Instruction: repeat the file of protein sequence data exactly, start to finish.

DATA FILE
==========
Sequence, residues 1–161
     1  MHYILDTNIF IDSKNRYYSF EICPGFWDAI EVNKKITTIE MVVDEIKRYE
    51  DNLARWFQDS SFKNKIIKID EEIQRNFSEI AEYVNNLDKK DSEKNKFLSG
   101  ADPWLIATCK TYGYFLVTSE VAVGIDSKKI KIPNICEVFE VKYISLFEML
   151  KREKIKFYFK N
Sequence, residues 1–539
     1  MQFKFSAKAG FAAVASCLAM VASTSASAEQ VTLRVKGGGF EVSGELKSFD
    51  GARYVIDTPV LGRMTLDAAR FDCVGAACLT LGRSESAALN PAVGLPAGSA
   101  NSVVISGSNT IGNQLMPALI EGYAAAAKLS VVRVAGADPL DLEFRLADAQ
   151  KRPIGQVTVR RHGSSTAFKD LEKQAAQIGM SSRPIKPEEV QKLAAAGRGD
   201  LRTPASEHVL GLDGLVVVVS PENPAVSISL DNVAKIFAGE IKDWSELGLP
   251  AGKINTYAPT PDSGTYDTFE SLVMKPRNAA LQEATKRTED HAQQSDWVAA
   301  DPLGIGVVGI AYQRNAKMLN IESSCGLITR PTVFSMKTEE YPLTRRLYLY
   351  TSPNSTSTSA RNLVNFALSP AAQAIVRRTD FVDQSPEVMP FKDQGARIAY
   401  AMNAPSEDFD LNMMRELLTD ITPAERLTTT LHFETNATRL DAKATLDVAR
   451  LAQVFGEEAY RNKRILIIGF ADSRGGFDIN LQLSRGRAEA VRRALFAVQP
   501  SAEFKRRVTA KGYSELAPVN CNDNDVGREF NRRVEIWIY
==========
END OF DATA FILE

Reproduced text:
Sequence, residues 1–161
     1  MHYILDTNIF IDSKNRYYSF EICPGFWDAI EVNKKITTIE MVVDEIKRYE
    51  DNLARWFQDS SFKNKIIKID EEIQRNFSEI AEYVNNLDKK DSEKNKFLSG
   101  ADPWLIATCK TYGYFLVTSE VAVGIDSKKI KIPNICEVFE VKYISLFEML
   151  KREKIKFYFK N
Sequence, residues 1–539
     1  MQFKFSAKAG FAAVASCLAM VASTSASAEQ VTLRVKGGGF EVSGELKSFD
    51  GARYVIDTPV LGRMTLDAAR FDCVGAACLT LGRSESAALN PAVGLPAGSA
   101  NSVVISGSNT IGNQLMPALI EGYAAAAKLS VVRVAGADPL DLEFRLADAQ
   151  KRPIGQVTVR RHGSSTAFKD LEKQAAQIGM SSRPIKPEEV QKLAAAGRGD
   201  LRTPASEHVL GLDGLVVVVS PENPAVSISL DNVAKIFAGE IKDWSELGLP
   251  AGKINTYAPT PDSGTYDTFE SLVMKPRNAA LQEATKRTED HAQQSDWVAA
   301  DPLGIGVVGI AYQRNAKMLN IESSCGLITR PTVFSMKTEE YPLTRRLYLY
   351  TSPNSTSTSA RNLVNFALSP AAQAIVRRTD FVDQSPEVMP FKDQGARIAY
   401  AMNAPSEDFD LNMMRELLTD ITPAERLTTT LHFETNATRL DAKATLDVAR
   451  LAQVFGEEAY RNKRILIIGF ADSRGGFDIN LQLSRGRAEA VRRALFAVQP
   501  SAEFKRRVTA KGYSELAPVN CNDNDVGREF NRRVEIWIY